Perhaps it was reading that Craigslist expected to earn $36 million this year from sex ads that set him off.
Connecticut Attorney General Richard Blumenthal has issued a subpoena to Craigslist Inc., seeking information on whether it is fulfilling its promise to crack down on ads for prostitution in its adult-services section, according to the Wall Street Journal.
The online classified site has been fighting with state attorneys general -- particularly Blumenthal -- since at least 2008, with them claiming it promotes prostitution and with it pointing to ways it has kept that from happening and how it is hardly alone.
For example, in May of last year, when South Carolina Attorney General Henry McMaster contended that the continued presence of ads for "erotic services" on the site constituted a criminal violation for which Craigslist management was personally responsible, Craigslist management fired back with a list of all the other places in which such ads could be found and asked whether McMaster was prepared to arrest them all too.
In late 2008, Craigslist came to an agreement with 40 attorneys general -- including McMaster and Blumenthal -- to help reduce prostitution on the site. In March, 2008, the organization implemented a telephone verification system for the "erotic services" section of the site, requiring a working phone number for advertisers, and enabling blacklisting of phone numbers for those who post inappropriate ads. Phone verification resulted in an 80% reduction in ad volume, and significantly increased compliance with site guidelines, Craigslist said.
Craigslist CEO James Buckmaster, who would not confirm the revenue projections because it is a private company, noted "Of the thousands of U.S. venues that carry adult service ads, including venues operated by some of the largest and best known companies in the U.S., Craigslist has done the best and most responsible job of combating child exploitation and human trafficking," according to the New York Times. "Mr. Buckmaster was referring to alternative newspapers, phone directories and sex Web sites that carry ads for prostitution, although authorities say that Craigslist is the largest place for such ads," the Times continued.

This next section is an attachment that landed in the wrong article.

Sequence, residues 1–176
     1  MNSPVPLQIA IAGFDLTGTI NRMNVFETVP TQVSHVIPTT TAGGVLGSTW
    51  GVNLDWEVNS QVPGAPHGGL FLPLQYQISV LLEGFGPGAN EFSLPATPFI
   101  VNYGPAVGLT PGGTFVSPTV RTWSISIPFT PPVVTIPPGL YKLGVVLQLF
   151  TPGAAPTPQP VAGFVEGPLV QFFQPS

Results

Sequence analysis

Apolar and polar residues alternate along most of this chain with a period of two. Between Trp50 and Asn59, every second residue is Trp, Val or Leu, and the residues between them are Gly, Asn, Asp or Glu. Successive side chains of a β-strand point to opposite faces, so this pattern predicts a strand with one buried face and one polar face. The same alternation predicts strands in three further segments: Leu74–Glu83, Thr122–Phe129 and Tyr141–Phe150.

Initially, the company had donated money it raised from sex ads to charity, but stopped doing so in May, when it shut down the "erotic services" section and created an "adult services" section instead, postings to which were to be manually reviewed.
The $36 million estimate comes from the AIM Group, which conducts an annual Craigslist study by tabulating all the posts to Craigslist in 39 major United States cities over a 30-day period, and then extrapolating to reach a final revenue figure, according to the Times. (And you thought your job was boring.) The increase was largely caused by Craigslist doubling the the price, to $10, of the sex ads, the researcher said.
Craigslist is likely to be protected from prosecution through the 1996 Communications Decency Act, according to Daily Finance. "Although the primary focus of the Act is to shield children from adult content on the Internet, Section 230 of the Act states that any "interactive computer service" is not a publisher of the content that third parties post, and thus is immune from lawsuits or prosecution based on the material its users post."
The Craigslist blog chalked up Blumenthal's action to political maneuvering, noting that the company hasn't yet been served with a subpoena. "AG Blumenthal won't let the facts get in the way of a good photo op," the blog said. "Or as I heard while in his offices 2 years ago -- "The most dangerous place on earth is getting caught between Dick Blumenthal and a television camera.""